Greetings, patient historico-medico aficionados. After a brief hiatus, your monthly dose of the medically weird is back again. In keeping with our transition from CEPI to the Center for Education, CEPI Curiosities is also receiving a new moniker: CPP (as in College of Physicians of Philadelphia) Curiosities. Make no mistake, however, despite the new name we are sticking to our tried-and-true formula of medical history stories to surprise you or at the very least make you look at the world of medicine just a bit differently.
This time around we are tackling the strange and fascinating history of the negative pressure ventilator, more commonly known as the “iron lung.”
“Iron Lung” is a colloquial term for a variety of artificial respiration machines that encapsulate all or part of a patient’s body. They help a person breathe through a method called negative pressure ventilation where the air pressure surrounding the patient’s body is reduced, forcing their lungs to expand and take in air; the pressure around the patient is then increased, causing them to exhale. For a time, iron lungs were a common treatment during the twentieth century for conditions where a patient could not sufficiently breathe unassisted.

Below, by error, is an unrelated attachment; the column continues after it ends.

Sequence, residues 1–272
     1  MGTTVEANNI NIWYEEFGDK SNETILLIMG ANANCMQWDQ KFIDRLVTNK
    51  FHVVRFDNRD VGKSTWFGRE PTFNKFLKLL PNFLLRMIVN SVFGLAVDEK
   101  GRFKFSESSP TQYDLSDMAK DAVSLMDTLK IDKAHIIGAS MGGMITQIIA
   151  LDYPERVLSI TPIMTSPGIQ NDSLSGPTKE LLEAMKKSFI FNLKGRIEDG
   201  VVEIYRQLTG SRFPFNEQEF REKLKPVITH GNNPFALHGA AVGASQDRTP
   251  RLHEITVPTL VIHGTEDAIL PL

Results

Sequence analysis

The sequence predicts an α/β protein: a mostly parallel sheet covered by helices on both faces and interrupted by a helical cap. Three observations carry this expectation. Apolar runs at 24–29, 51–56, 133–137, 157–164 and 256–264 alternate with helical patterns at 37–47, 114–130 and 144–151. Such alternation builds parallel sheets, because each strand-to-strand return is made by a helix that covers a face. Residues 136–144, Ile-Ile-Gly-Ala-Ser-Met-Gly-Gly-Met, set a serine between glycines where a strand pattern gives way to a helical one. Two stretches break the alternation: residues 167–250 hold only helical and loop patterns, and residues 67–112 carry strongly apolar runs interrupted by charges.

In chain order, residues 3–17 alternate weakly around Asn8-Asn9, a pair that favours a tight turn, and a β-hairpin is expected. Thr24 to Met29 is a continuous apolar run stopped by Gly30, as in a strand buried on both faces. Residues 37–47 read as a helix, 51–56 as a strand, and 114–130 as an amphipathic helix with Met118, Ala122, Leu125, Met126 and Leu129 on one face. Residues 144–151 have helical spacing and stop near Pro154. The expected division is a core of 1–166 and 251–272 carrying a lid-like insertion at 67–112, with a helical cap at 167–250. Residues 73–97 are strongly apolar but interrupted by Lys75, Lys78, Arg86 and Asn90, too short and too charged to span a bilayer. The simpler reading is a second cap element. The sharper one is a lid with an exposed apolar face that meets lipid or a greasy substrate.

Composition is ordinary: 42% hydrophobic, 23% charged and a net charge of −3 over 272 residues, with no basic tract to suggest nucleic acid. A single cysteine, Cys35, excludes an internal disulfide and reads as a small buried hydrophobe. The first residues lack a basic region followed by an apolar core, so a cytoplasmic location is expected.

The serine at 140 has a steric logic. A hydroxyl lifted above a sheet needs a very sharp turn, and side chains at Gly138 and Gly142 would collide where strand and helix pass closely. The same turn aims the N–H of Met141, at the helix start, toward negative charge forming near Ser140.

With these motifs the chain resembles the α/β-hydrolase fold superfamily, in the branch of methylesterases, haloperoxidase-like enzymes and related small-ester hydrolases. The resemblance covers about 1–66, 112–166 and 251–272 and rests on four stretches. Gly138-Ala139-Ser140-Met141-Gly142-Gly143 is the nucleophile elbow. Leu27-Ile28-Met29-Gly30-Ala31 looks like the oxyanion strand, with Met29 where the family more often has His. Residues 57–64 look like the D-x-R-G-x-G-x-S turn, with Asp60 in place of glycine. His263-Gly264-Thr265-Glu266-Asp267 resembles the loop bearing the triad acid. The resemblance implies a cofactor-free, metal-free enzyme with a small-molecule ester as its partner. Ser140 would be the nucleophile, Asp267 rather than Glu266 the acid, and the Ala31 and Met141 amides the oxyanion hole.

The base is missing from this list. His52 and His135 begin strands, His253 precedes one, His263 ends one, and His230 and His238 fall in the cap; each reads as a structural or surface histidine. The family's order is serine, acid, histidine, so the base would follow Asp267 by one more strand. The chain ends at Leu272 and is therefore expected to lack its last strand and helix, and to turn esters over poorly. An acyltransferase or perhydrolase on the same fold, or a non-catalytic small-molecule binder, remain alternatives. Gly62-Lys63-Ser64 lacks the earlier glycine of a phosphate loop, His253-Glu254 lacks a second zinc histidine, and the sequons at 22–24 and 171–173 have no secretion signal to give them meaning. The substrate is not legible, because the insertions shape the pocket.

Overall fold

However, they are most commonly associated with one particular disease: polio. Also known as infantile paralysis or poliomyelitis, polio is caused by the poliovirus, a contagious virus most commonly spread through infected feces that comes into contact with a patient’s mouth. The majority of people exposed to the poliovirus exhibit no symptoms; according to the Centers for Disease Control and Prevention, one in four people infected with the poliovirus will have relatively mild symptoms, including sore throat, nausea, fatigue, headaches, and stomach pain, and these symptoms generally go away after a few days (this is known as “abortive polio”). However, a small percentage of people exposed to the poliovirus develop temporary or permanent neurological symptoms, ranging from light sensitivity and stiffness to muscle spasms to partial or total paralysis.
According to our sister page, History of Vaccines, the earliest reported polio outbreak in the United States took place in 1894. The nation’s most severe outbreak occurred in the 1930s-1950s. The development of polio vaccines and public health initiatives to inoculate the public significantly reduced the number of polio cases. Thanks to vaccines, polio has been largely eradicated in the developed world (it was eliminated in the US in 1979). However, periodic outbreaks occur in areas with limited or inadequate medical resources. Between 2013 and 2015, a polio epidemic spread through Syria and into neighboring Iraq followed by a second outbreak in Syria in June 2017 as well as another in the Congo around the same time.